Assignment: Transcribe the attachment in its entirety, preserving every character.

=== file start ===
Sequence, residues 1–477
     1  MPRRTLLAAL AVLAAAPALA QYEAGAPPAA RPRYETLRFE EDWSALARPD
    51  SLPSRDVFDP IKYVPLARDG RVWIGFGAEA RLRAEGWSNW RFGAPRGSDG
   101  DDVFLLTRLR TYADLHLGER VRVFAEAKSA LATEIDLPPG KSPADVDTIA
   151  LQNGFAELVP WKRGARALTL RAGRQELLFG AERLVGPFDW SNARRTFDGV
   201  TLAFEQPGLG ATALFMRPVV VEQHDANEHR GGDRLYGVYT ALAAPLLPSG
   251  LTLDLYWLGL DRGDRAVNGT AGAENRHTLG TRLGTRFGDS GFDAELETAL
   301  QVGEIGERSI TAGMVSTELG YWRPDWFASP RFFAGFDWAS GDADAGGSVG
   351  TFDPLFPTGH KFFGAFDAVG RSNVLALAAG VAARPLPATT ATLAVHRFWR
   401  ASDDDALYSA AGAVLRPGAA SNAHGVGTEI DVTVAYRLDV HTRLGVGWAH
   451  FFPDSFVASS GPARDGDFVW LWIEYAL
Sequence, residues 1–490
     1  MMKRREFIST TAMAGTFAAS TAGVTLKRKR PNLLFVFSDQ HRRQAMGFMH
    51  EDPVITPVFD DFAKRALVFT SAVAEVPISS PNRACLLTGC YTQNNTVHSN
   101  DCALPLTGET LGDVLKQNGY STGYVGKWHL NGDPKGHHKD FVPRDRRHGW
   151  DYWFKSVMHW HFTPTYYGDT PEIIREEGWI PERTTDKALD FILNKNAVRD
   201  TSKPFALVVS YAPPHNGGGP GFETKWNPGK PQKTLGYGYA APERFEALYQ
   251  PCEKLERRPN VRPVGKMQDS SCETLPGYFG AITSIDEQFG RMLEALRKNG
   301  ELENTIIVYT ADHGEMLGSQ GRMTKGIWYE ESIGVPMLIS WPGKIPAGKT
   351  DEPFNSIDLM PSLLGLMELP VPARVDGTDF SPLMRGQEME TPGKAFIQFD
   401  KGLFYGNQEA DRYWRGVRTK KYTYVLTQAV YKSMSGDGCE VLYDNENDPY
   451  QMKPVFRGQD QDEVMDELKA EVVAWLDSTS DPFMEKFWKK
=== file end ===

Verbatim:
Sequence, residues 1–477
     1  MPRRTLLAAL AVLAAAPALA QYEAGAPPAA RPRYETLRFE EDWSALARPD
    51  SLPSRDVFDP IKYVPLARDG RVWIGFGAEA RLRAEGWSNW RFGAPRGSDG
   101  DDVFLLTRLR TYADLHLGER VRVFAEAKSA LATEIDLPPG KSPADVDTIA
   151  LQNGFAELVP WKRGARALTL RAGRQELLFG AERLVGPFDW SNARRTFDGV
   201  TLAFEQPGLG ATALFMRPVV VEQHDANEHR GGDRLYGVYT ALAAPLLPSG
   251  LTLDLYWLGL DRGDRAVNGT AGAENRHTLG TRLGTRFGDS GFDAELETAL
   301  QVGEIGERSI TAGMVSTELG YWRPDWFASP RFFAGFDWAS GDADAGGSVG
   351  TFDPLFPTGH KFFGAFDAVG RSNVLALAAG VAARPLPATT ATLAVHRFWR
   401  ASDDDALYSA AGAVLRPGAA SNAHGVGTEI DVTVAYRLDV HTRLGVGWAH
   451  FFPDSFVASS GPARDGDFVW LWIEYAL
Sequence, residues 1–490
     1  MMKRREFIST TAMAGTFAAS TAGVTLKRKR PNLLFVFSDQ HRRQAMGFMH
    51  EDPVITPVFD DFAKRALVFT SAVAEVPISS PNRACLLTGC YTQNNTVHSN
   101  DCALPLTGET LGDVLKQNGY STGYVGKWHL NGDPKGHHKD FVPRDRRHGW
   151  DYWFKSVMHW HFTPTYYGDT PEIIREEGWI PERTTDKALD FILNKNAVRD
   201  TSKPFALVVS YAPPHNGGGP GFETKWNPGK PQKTLGYGYA APERFEALYQ
   251  PCEKLERRPN VRPVGKMQDS SCETLPGYFG AITSIDEQFG RMLEALRKNG
   301  ELENTIIVYT ADHGEMLGSQ GRMTKGIWYE ESIGVPMLIS WPGKIPAGKT
   351  DEPFNSIDLM PSLLGLMELP VPARVDGTDF SPLMRGQEME TPGKAFIQFD
   401  KGLFYGNQEA DRYWRGVRTK KYTYVLTQAV YKSMSGDGCE VLYDNENDPY
   451  QMKPVFRGQD QDEVMDELKA EVVAWLDSTS DPFMEKFWKK